Friday, December 2, 2011

Business owners: Airport is ‘critical’

Sustain Blaine presents economic data about Friedman

Express Staff Writer

More than 100 people came to the Valley Club north of Hailey on Wednesday night to see what business owners had to say about the importance of Friedman Memorial Airport. Photo by David N. Seelig

According to polling data from a Wednesday forum on the economic impacts of Friedman Memorial Airport, 64 percent of Wood River Valley business owners say the airport is "critical" to their businesses' success.

The forum at the Valley Club was hosted by the Sustain Blaine economic development group for the purpose of determining how valuable the airport is to the local economy, said Executive Director Harry Griffith at the meeting.

Many of the poll questions asked centered on how often businesses use the current airport to ship products, receive supplies and rendezvous with customers.

However, Griffith was careful to keep the debate strictly focused on money and business success.

"We're here to talk strictly about economics," he told participants. "We are not here to talk about airport locations."

Griffith said that focus was the reason for only inviting valley business owners, not the general public, to weigh in on economic questions using handheld "clicker" devices that recorded the users' answers to polling questions.

The invitees were limited to business owners, government representatives and other community organizations with large budgets, he said. The businesses were chosen based on the top 60 employers in the valley, including Power Engineers, Smith Optics and the St. Luke's Wood River Medical Center.

"These are entities that have economic impacts," he said. "They have budgets in the millions of dollars, they have hundreds of employees."

According to polling data from the meeting, 59 percent of the businesses present reported $2 million in revenue within the past 12 months. Only 18 percent, however, said they employed more than 200 people, including part-time and seasonal.

Much of the meeting centered on the poll questions, which quizzed participants on everything from what airports they use most often to what potential nonstop flights from Sun Valley they would find most valuable. New York City, Chicago and Denver were the destinations most cited from a list of 10.

According to the collected data, 89 percent of participants said they use Friedman Memorial Airport as one of their top three airports, followed by Twin Falls airport (49 percent) and Boise. When they do use other airports, participants said, they are motivated by flight prices, reliability and the availability of nonstop flights.


This figure seemed to surprise Sustain Blaine Treasurer Joy Kasputys, who said she expected more people to choose "personal" reasons for flying out of Twin Falls or Boise.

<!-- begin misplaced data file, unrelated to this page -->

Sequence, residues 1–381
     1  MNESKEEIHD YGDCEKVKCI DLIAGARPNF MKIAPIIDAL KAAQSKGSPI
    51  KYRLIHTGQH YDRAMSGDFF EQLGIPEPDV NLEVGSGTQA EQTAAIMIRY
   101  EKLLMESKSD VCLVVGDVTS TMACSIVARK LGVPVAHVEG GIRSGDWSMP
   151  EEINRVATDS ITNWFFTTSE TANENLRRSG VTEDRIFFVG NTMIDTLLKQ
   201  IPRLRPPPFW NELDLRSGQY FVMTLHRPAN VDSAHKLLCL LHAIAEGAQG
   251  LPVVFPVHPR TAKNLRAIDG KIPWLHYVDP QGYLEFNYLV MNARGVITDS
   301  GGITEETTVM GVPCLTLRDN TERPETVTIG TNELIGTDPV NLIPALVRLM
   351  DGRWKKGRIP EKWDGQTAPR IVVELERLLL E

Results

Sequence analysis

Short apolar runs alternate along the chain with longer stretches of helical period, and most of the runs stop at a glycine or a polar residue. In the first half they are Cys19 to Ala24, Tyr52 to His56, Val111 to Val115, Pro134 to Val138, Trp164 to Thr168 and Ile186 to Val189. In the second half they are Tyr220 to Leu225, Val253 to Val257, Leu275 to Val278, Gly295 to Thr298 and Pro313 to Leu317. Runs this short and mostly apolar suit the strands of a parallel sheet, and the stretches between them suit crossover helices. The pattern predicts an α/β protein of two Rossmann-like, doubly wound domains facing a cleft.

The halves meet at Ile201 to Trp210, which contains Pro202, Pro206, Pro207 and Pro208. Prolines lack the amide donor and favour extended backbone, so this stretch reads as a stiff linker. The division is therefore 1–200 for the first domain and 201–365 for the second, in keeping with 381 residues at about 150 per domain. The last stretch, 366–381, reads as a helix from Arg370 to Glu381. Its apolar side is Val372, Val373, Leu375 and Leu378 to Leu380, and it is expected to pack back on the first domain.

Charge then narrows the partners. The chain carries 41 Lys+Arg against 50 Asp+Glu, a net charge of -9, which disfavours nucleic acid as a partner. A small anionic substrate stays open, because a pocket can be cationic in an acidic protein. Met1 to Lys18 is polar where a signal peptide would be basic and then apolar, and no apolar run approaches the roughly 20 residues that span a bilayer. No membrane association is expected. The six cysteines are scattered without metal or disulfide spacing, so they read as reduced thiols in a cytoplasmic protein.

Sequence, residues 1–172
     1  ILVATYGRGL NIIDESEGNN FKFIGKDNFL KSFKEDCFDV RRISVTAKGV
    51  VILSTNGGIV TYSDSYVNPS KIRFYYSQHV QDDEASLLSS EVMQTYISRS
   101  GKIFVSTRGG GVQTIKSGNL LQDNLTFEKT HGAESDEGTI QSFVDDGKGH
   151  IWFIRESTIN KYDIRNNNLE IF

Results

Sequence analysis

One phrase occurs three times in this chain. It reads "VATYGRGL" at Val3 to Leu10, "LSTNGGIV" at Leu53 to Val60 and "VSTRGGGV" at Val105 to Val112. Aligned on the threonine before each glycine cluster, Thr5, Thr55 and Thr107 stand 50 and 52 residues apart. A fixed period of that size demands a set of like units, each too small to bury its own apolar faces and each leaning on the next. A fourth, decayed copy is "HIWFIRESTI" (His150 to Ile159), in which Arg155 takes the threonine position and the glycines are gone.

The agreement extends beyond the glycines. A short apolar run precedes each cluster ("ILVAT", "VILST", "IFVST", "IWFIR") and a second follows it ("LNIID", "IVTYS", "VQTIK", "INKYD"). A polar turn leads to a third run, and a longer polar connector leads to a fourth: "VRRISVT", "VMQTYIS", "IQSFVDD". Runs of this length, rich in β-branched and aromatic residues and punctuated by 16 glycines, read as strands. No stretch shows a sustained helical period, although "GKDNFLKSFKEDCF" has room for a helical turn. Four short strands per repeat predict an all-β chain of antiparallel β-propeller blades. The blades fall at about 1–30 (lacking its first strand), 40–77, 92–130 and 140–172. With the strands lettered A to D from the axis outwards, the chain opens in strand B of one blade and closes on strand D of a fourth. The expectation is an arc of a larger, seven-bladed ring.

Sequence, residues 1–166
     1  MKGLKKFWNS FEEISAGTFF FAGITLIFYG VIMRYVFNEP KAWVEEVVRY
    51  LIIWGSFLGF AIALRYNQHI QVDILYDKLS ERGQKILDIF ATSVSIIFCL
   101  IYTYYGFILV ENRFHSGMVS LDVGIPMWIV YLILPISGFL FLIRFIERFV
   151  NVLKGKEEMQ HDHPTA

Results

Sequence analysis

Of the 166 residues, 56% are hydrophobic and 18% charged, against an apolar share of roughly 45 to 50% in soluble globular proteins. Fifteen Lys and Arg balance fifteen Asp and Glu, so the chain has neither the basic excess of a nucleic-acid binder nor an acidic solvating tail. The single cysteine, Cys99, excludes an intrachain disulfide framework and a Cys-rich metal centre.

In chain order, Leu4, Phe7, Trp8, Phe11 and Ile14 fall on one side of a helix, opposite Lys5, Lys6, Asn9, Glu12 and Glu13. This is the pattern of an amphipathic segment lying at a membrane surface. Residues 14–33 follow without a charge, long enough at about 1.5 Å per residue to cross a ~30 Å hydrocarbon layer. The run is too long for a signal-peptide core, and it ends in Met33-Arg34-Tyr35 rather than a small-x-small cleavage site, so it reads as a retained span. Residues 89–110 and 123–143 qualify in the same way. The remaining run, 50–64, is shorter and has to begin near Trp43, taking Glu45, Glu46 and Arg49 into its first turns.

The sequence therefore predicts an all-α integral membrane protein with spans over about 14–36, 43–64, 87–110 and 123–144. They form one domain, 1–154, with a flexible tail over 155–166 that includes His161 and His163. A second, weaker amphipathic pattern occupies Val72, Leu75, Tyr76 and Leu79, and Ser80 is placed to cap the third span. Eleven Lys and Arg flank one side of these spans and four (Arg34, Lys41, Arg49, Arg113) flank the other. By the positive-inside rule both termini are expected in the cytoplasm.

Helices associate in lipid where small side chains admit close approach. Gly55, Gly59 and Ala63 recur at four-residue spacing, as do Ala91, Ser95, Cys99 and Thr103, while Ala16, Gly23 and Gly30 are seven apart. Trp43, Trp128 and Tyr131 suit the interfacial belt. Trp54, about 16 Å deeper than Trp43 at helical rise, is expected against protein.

"Does this mean we're not shopping at Costco?" she asked.

The questions were prefaced with a presentation from Griffith, who estimated that Friedman Memorial Airport brings between $143 million and $374 million to the valley each year.

"I actually think it's closer to $370 million, to be honest," Griffith said in a later interview.

According to a 2008 Idaho Airport Systems Plan developed by the Idaho Transportation Department, Friedman Memorial Airport is the second-largest commercial airport in the state, providing 1,550 jobs and roughly 20 percent of the county's gross domestic product.

"Commercial air service is the engine that drives the Blaine County economy," Griffith said at the meeting. "Air service, at the end of the day, is the glue that weaves this valley together."

But some participants said the importance of the airport was never up for debate. Dr. Rich Paris from St. Luke's Wood River Medical Center said the airport was critically important for the hospital, and in more human ways than the numbers indicate.

"There are several instances a year where it is literally a life-and-death issue for people in our community," he said, adding that the hospital helps bring people to the valley via the airport.

"Every time a baby is born, three to five people fly into town to meet the new baby and help out," he said. "Every time Grandpa falls and breaks his hip, there are two or three people who fly in to be with him."

Sustain Blaine board Chair and developer George Kirk agreed with Paris and the assessment of the airport's impact, saying the question of the airport's importance has already been "asked and answered."

"To me, the question is, 'What do we do at the existing site to make it work for all of us?'" he said. "That's the question du jour—but it's not Sustain Blaine's question to answer."

Griffith said final data from the meeting will be available in several weeks, with reports that break down responses by location, business revenue and other characteristics.

Sustain Blaine will host another poll-based meeting at 9 a.m. on Wednesday, Dec. 7, at the Blaine County Courthouse in Hailey. Griffith said all who were not invited to participate during the Nov. 30 meeting are welcome to weigh in at next week's meeting.

Katherine Wutz:

Be there, be heard

Didn't get the chance to weigh in on Wednesday night? Sustain Blaine will poll the public at its meeting at 9 a.m. on Wednesday, Dec. 7, at the Blaine County Courthouse in Hailey. The meeting is open to the public. People will be given handheld polling devices and a chance to answer business-based airport questions.

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